>> region.
>>>>>>> After
>>>>>>>>>> that, I've tried to get some times Scan vs DistributedScan.
>>>>>>>>>> I have disabled blockcache in my table. My cluster
has 3 region
>>>>>>> servers
>>>>>>>>>> with 2 regions each one, in total there are 100.000
rows and
>>>> execute a
>>>>>>>>>> complete scan.
>>>>>>>>>> 
>>>>>>>>>> My partitions are
>>>>>>>>>> -01666 -> request 16665
>>>>>>>>>> 016666-033332 -> request 16666
>>>>>>>>>> 033332-049998 -> request 16666
>>>>>>>>>> 049998-066664 -> request 16666
>>>>>>>>>> 066664-083330 -> request 16666
>>>>>>>>>> 083330- -> request 16671
>>>>>>>>>> 
>>>>>>>>>> 
>>>>>>>>>> 14/09/10 09:15:47 INFO hbase.HbaseScanTest: NUM ROWS
100000
>>>>>>>>>> 14/09/10 09:15:47 INFO util.TimerUtil: SCAN
>>>>>>> PARALLEL:22089ms,Counter:2 ->
>>>>>>>>>> Caching 10
>>>>>>>>>> 
>>>>>>>>>> 14/09/10 09:16:04 INFO hbase.HbaseScanTest: NUM ROWS
100000
>>>>>>>>>> 14/09/10 09:16:04 INFO util.TimerUtil: SCAN
>>>>>>> PARALJEL:16598ms,Counter:2 ->
>>>>>>>>>> Caching 100
>>>>>>>>>> 
>>>>>>>>>> 14/09/10 09:16:22 INFO hbase.HbaseScanTest: NUM ROWS
100000
>>>>>>>>>> 14/09/10 09:16:22 INFO util.TimerUtil: SCAN
>>>>>>> PARALLEL:16497ms,Counter:2 ->
>>>>>>>>>> Caching 1000
>>>>>>>>>> 
>>>>>>>>>> 14/09/10 09:17:41 INFO hbase.HbaseScanTest: NUM ROWS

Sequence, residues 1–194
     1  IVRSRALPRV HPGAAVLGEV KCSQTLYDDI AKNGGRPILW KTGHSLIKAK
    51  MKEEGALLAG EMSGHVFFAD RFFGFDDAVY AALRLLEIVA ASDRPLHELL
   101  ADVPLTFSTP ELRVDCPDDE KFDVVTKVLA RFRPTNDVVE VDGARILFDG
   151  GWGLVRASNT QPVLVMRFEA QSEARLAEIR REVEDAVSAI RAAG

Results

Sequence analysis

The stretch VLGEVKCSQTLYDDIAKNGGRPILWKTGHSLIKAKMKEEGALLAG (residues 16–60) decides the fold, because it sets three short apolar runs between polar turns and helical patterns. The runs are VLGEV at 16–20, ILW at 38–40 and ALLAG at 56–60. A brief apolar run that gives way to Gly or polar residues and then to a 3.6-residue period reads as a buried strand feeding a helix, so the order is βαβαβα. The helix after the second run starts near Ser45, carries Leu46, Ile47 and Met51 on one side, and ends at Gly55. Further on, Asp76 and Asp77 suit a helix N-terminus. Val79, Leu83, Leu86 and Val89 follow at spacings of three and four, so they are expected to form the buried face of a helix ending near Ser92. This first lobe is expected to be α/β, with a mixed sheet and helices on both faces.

100000
>>>>>>>>>> 14/09/10 09:17:41 INFO util.TimerUtil: SCAN
>> NORMAL:68288ms,Counter:2
>>>>>>> ->
>>>>>>>>>> Caching 1
>>>>>>>>>> 
>>>>>>>>>> 14/09/10 09:17:48 INFO hbase.HbaseScanTest: NUM ROWS
100000
>>>>>>>>>> 14/09/10 09:17:48 INFO util.TimerUtil: SCAN
>> NORMAL:2646ms,Counter:2
>>>> ->
>>>>>>>>>> Caching 100
>>>>>>>>>> 
>>>>>>>>>> 14/09/10 09:17:58 INFO hbase.HbaseScanTest: NUM ROWS
100000
>>>>>>>>>> 14/09/10 09:17:58 INFO util.TimerUtil: SCAN
>> NORMAL:3903ms,Counter:2
>>>> ->
>>>>>>>>>> Caching 1000
>>>>>>>>>> 
>>>>>>>>>> Parallel scan works much worse than simple scan,,
and I don't know
>>>> why
>>>>>>>>>> it's
>>>>>>>>>> so fast,, it's really much faster than execute an
"count" from
>> hbase
>>>>>>>>>> shell,
>>>>>>>>>> what it doesn't look pretty notmal. The only time
that it works
>>>> better
>>>>>>>>>> parallel is when I execute a normal scan with caching
1.
>>>>>>>>>> 
>>>>>>>>>> Any clue about it?
>>>>>>>>>> 
>>>>>>>>> 
>>>>>>>>> 
>>>>>>> 
>>>>>>> 
>>>>>> 
>>>> 
>>>> 
>> 
>>